Long-awaited adaptation of Kevin Kwan’s bestseller could deliver a blast of late-summer box office

Crazy Rich Asians

Crazy Rich Asians

Dir: Jon M. Chu. US. 2018. 121mins

Crazy Rich Asians is a party stuffed with laughs, tears, romance and opulence — pity someone decided to invite so many clichés to the soiree as well. This rambunctious crowd-pleaser succeeds when it allows likeable leads Constance Wu and Henry Golding to work their charm. The film, adapted from Kevin Kwan’s bestselling novel, is insightful in its depiction of cultural and class clashes that spring up when a man takes his New York girlfriend to meet his affluent, disapproving Singapore family. And yet, director Jon M. Chu undercuts his modern-day Cinderella story’s poignancy and warmth by badgering us with a nonstop materialistic worldview, sending mixed messages about whether love or money matters more.

A flashy, frilly, silly piece of escapist entertainment

Opening August 15 in the States and a few months later in the UK, Crazy Rich Asians could be a word-of-mouth smash as summer movie season draws to a close. An international line-up which includes Gemma Chan, Ken Jeong and Michelle Yeoh will entice audiences, and the scarcity of studio films with an all-Asian cast (2001’s Memoirs Of A Geisha, 1993’s The Joy Luck Club) should help raise visibility.

Wu plays Rachel Chu, a Manhattan economics professor who has been dating the handsome, sensitive Nick Young (Golding) for more than a year. Nick will be traveling to his Singapore hometown to be the best man at his friend’s wedding, and he wants to take the opportunity to introduce his family to Rachel — a big step in their relationship. But when they land, Rachel quickly discovers two things: Nick’s family is extravagantly wealthy, and Nick’s judgmental mother Eleanor (Yeoh) doesn’t like her.

Chu (who directed two Step Up sequels) has conceived Crazy Rich Asians as a flashy, frilly, silly piece of escapist entertainment, adorning the movie with lavish costumes and stunning locations so that viewers feel like they’ve attended the destination wedding of their dreams. He’s selling a cheeky fantasy — complete with snarky comic relief and exuberant Asian covers of Coldplay and Madonna hits — that invites viewers to enjoy the film for its boisterous, shallow pleasures.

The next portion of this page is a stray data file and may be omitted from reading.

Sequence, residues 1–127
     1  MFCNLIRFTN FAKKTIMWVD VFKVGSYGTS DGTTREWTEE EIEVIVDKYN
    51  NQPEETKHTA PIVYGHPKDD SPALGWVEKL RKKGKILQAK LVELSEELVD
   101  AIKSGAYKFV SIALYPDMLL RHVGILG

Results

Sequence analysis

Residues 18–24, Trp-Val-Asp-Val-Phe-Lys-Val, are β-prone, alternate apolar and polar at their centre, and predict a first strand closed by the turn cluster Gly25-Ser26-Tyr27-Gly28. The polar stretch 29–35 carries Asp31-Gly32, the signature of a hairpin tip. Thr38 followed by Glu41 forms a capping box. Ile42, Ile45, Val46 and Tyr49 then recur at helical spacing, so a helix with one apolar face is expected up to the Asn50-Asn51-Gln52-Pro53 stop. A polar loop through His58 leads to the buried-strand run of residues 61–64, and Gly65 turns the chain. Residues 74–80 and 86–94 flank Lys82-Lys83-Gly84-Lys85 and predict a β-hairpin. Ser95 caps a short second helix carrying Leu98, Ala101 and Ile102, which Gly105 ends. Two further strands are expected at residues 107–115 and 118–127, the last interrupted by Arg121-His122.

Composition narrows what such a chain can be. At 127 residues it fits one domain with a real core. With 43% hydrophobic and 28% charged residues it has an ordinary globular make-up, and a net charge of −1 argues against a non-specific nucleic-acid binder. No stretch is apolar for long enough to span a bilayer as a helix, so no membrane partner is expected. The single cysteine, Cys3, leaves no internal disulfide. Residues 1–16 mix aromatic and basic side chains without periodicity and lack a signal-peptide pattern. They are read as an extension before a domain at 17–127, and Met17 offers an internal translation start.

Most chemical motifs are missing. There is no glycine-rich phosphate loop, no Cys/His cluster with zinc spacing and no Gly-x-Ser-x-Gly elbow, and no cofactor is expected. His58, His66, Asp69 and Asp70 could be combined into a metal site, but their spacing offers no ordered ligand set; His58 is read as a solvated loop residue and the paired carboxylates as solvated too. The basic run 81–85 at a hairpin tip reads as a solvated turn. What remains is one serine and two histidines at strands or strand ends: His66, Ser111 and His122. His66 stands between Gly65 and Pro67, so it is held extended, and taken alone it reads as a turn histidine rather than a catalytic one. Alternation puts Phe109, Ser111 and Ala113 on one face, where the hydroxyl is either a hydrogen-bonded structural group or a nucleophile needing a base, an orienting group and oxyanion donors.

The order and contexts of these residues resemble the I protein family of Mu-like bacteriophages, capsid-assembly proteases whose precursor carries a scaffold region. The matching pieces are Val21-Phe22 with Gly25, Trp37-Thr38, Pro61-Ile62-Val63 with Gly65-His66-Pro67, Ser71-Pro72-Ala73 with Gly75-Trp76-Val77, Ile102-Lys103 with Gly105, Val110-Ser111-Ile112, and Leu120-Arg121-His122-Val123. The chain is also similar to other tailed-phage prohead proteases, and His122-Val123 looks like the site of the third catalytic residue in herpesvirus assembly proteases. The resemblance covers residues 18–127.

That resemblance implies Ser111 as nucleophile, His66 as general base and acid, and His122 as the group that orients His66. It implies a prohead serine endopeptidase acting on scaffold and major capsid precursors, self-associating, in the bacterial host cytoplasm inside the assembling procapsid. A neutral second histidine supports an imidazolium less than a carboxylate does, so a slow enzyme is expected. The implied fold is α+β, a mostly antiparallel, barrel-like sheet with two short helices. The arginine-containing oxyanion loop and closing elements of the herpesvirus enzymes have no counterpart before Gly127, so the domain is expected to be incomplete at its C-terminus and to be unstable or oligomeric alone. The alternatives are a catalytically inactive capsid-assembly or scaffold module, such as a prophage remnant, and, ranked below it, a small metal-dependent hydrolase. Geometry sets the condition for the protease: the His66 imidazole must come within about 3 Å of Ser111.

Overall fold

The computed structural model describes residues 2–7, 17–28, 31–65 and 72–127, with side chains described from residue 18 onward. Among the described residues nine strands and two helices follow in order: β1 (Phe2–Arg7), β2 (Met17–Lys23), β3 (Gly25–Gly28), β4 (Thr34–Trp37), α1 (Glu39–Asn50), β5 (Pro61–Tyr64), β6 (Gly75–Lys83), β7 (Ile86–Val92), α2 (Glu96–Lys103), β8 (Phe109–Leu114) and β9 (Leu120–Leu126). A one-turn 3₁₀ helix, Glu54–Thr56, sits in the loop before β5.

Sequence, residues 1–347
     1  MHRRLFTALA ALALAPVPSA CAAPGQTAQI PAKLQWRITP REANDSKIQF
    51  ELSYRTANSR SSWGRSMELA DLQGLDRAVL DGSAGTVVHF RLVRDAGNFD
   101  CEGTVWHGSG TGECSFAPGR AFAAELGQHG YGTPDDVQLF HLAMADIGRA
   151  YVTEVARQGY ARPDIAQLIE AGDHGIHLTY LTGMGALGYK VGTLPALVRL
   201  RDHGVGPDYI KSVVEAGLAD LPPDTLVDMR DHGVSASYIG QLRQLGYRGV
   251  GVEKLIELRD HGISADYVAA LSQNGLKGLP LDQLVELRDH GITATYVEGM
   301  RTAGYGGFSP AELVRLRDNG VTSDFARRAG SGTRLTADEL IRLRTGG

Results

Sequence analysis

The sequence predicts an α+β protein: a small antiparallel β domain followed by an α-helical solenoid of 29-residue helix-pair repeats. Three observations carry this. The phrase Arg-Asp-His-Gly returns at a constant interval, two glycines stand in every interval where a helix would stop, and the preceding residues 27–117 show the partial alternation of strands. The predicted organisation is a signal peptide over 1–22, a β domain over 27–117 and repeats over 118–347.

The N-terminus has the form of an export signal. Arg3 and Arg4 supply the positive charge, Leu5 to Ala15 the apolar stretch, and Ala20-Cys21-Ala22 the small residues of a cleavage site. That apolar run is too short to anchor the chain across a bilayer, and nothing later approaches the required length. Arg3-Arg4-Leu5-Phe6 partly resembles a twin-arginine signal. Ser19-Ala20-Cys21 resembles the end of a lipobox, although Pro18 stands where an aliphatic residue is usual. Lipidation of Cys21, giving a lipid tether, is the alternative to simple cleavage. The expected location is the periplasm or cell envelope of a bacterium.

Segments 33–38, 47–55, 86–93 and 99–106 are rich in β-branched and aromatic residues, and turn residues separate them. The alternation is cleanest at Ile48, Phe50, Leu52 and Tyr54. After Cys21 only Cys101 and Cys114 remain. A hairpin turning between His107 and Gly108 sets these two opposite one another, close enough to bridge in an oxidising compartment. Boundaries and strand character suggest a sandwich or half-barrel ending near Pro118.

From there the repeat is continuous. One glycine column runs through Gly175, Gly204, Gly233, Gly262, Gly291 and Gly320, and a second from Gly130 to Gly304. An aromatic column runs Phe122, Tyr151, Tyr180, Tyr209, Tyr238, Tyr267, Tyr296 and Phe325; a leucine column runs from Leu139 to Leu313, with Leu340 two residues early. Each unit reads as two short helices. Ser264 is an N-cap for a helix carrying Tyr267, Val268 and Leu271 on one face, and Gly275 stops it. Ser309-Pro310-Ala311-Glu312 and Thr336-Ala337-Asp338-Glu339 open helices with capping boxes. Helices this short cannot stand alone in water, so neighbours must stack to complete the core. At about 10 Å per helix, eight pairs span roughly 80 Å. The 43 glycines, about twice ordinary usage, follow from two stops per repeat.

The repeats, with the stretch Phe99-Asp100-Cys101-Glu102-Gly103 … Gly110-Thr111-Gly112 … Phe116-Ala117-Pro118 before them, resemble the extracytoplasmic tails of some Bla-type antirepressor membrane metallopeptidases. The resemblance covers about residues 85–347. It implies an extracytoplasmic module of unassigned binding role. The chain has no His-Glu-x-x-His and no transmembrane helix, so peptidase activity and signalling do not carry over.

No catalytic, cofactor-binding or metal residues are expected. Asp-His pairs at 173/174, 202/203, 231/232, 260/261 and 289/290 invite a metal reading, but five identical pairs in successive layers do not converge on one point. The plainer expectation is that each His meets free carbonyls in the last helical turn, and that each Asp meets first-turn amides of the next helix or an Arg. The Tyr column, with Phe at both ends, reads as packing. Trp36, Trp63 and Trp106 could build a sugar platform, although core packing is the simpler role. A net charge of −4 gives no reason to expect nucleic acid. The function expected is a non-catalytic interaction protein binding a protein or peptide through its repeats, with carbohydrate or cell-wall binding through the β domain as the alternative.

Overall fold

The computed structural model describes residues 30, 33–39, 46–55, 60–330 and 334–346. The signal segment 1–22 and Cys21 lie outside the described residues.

But Crazy Rich Asians wants to cut deeper, examining how Chinese-Americans feel a tension with friends and family back home who regard them as too westernised. Eleanor, the family matriarch, is displeased with the kindly, thoughtful Rachel entirely because she has grown up in America, viewing her as symptomatic of all the ways that her son has turned his back on Chinese tradition. Never mind that Rachel was raised in poverty and had to work hard to achieve everything she has: in Eleanor’s eyes, she’s merely a self-centred American distracting Nick from his destiny of taking over the family empire.

Wu and Golding have a flirty, adoring rapport that makes it easy to root for them to overcome his family’s objections, but Crazy Rich Asians miscalculates how to portray the Youngs’ massive wealth. The movie features the most ludicrously extravagant parties since the 2013 Great Gatsby remake, inundating us with sequences full of fancy cars, gaudy galas and gorgeous gowns.

But in Chu’s fervour to enumerate the Youngs’ riches, the movie starts to become numbing — precisely because the filmmakers don’t seem to have a clear handle on what they’re trying to say about such opulence. If Nick’s family is meant to be in the wrong for the collective cold shoulder they give Rachel, why spend so much time luxuriating in their wealth? When Crazy Rich Asians finally gets around to arguing that Rachel and Nick’s love outweighs material possessions, the sermonising feels hollow, even hypocritical.

Because of Crazy Rich Asians soap opera-like narrative arc, it’s natural to expect melodramatic twists, a shocking revelation, and some last-minute romantic theatrics. Still, one wishes that the plot wasn’t so pedestrian in comparison to its rich cultural specifics. To be sure, there are meaningful observations here about the ways that money warps relationships and how children struggle with their heritage. But by trying so hard to concoct a blowout party, the movie exhausts and frustrates as much as it enlightens and delights.

Production companies: SK Global, Starlight Culture, Color Force, Ivanhoe Pictures, Electric Somewhere

Worldwide distribution: Warner Bros.

Producers: Nina Jacobson, Brad Simpson, John Penotti

Screenplay: Peter Chiarelli and Adele Lim, based on the novel Crazy Rich Asians by Kevin Kwan

Production design: Nelson Coates

Editing: Myron Kerstein

Cinematography: Vanja Černjul

Music: Brian Tyler

Main cast: Constance Wu, Henry Golding, Gemma Chan, Lisa Lu, Awkwafina, Harry Shum Jr., Ken Jeong, Michelle Yeoh